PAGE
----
The company battling to build the new Wembley Stadium has decided to keep Foster and Partners and hok + Lobb's plans for a demountable athletics track so the venue will be capable of staging a future Olympics Games after all.
The 6m high temporary platform, which would cost £20 million to assemble each time it is used, six months to build and three months to take down, has long been one of the chief causes of controversy and arguments between culture secretary Chris Smith, the athletics and football bodies. And news this week that a new 50,000-seat stadium will be built in Pickett's Lock, north-east London for the Athletics Championships in 2005 (see page 15) appeared to have ruled out Wembley staging athletics.
But Wembley spokesman Chris Palmer told the AJ this week that Wembley is pressing ahead with its athletics plans and that if the Olympics ever come to London, he would be 'surprised' if track and field did not take place at the new look stadium. The most likely date for this to happen is 2012 if England makes a bid. Palmer added that the athletics track would probably only be used twice in the stadium's lifetime and only result in the loss of a total of four football matches to other venues. The whole scheme for the 90,000-seater stadium plus hotel and offices for the fa will be considered at Brent Council's planning committee meeting on 25 April.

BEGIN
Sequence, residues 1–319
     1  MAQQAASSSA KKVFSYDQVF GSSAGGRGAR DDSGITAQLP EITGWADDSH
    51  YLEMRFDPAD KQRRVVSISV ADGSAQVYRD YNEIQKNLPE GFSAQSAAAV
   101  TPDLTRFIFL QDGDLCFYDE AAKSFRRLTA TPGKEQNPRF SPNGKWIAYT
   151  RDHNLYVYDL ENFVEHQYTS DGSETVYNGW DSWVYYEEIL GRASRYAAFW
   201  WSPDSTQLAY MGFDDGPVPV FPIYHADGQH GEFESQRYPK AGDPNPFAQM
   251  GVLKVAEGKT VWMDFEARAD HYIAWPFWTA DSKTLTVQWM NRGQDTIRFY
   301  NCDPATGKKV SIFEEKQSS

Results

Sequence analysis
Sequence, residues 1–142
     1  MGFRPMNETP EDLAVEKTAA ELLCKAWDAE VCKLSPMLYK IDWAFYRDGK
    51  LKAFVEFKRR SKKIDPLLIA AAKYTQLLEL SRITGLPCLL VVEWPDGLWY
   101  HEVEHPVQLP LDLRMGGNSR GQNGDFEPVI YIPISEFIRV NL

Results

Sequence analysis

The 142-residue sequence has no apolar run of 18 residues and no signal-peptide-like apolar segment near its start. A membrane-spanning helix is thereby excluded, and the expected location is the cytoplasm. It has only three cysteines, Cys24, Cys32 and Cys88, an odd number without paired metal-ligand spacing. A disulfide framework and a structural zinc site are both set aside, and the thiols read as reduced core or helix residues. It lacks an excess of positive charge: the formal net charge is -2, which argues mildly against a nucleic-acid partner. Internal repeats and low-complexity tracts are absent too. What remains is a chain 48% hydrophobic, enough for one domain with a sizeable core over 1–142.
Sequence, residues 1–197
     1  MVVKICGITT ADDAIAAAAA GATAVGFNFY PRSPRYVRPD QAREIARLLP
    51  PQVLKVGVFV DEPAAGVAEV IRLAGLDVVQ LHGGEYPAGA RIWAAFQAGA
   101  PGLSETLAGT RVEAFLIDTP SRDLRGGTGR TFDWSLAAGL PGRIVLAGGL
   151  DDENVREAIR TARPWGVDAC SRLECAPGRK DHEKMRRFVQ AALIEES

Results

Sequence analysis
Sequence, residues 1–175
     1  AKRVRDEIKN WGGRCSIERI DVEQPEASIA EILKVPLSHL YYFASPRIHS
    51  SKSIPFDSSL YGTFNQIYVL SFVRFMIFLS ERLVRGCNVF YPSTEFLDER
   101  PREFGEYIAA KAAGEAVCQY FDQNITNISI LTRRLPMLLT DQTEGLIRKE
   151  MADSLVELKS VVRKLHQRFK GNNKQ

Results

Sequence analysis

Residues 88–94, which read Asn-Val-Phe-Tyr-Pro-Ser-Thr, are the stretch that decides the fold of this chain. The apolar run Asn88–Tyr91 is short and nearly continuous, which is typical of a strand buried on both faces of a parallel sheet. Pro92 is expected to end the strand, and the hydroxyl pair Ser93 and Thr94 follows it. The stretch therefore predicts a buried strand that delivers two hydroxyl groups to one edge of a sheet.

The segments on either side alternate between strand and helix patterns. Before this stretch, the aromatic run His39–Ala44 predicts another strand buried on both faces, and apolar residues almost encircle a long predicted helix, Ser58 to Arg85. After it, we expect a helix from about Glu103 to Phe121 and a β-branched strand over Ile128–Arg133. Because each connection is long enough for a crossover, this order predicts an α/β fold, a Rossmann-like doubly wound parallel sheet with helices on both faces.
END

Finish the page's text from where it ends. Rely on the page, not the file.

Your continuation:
Last week the Commission for Architecture and the Built Environment warmly approved the way the design for the stadium is developing, and said it was 'pleased the architects have taken account of its earlier comments.' cabe added that it welcomed the fact that Wembley was keeping options open regarding athletics.
cabe also broadly strongly supported Allies & Morrison's Cowdray Park Golf Club scheme and gave qualified approval to Hawkins\Brown's Tottenham Court Road Station project.